Multilayered regulation of autophagy by the Atg1 kinase orchestrates spatial and temporal control of autophagosome formation.
journal contributionposted on 11.01.2022, 13:24 by Anne Schreiber, Ben C Collins, Colin Davis, Radoslav I Enchev, Angie Sedra, Rocco D'Antuono, Ruedi Aebersold, Matthias Peter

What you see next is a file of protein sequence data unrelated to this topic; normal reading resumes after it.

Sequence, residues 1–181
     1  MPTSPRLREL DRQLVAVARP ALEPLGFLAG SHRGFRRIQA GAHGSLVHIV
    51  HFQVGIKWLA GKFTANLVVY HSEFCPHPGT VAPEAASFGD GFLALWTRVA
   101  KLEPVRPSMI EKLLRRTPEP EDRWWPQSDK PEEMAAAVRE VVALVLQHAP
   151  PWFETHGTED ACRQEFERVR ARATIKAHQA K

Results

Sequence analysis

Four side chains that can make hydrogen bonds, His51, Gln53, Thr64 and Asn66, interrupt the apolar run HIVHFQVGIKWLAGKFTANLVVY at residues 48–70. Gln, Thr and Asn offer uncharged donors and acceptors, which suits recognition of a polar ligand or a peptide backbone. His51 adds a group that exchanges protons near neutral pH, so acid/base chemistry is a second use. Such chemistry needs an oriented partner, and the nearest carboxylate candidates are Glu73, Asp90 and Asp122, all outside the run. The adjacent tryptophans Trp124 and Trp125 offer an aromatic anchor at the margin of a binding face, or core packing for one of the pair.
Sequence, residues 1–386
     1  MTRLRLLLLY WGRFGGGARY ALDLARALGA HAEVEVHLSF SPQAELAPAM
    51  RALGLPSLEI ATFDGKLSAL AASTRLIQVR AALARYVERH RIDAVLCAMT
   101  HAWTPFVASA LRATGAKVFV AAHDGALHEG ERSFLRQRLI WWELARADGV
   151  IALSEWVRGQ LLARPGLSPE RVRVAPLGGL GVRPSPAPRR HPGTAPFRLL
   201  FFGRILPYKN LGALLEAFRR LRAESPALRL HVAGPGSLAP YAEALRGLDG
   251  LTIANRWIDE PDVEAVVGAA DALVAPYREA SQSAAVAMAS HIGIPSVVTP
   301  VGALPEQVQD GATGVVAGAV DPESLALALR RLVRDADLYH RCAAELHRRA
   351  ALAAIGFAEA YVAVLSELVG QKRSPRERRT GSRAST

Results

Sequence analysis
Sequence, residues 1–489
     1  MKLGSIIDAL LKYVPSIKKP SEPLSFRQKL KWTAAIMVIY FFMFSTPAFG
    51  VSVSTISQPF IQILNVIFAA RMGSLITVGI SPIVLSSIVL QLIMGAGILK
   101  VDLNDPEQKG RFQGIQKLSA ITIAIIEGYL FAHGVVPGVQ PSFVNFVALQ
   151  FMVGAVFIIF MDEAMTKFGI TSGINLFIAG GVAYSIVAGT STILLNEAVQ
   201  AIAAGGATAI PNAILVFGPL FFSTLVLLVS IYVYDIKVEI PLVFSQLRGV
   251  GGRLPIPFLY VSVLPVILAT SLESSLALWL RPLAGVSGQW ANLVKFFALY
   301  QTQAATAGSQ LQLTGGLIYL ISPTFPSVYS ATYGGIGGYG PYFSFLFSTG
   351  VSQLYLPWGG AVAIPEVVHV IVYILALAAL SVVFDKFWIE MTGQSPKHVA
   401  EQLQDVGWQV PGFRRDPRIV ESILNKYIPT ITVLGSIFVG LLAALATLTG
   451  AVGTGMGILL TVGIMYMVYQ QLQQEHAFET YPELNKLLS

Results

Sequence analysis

Autophagy is a conserved intracellular degradation pathway exerting various cytoprotective and homeostatic functions by using de novo double-membrane vesicle (autophagosome) formation to target a wide range of cytoplasmic material for vacuolar/lysosomal degradation. The Atg1 kinase is one of its key regulators, coordinating a complex signaling program to orchestrate autophagosome formation. Combining in vitro reconstitution and cell-based approaches, we demonstrate that Atg1 is activated by lipidated Atg8 (Atg8-PE), stimulating substrate phosphorylation along the growing autophagosomal membrane. Atg1-dependent phosphorylation of Atg13 triggers Atg1 complex dissociation, enabling rapid turnover of Atg1 complex subunits at the pre-autophagosomal structure (PAS). Moreover, Atg1 recruitment by Atg8-PE self-regulates Atg8-PE levels in the growing autophagosomal membrane by phosphorylating and thus inhibiting the Atg8-specific E2 and E3. Our work uncovers the molecular basis for positive and negative feedback imposed by Atg1 and how opposing phosphorylation and dephosphorylation events underlie the spatiotemporal regulation of autophagy.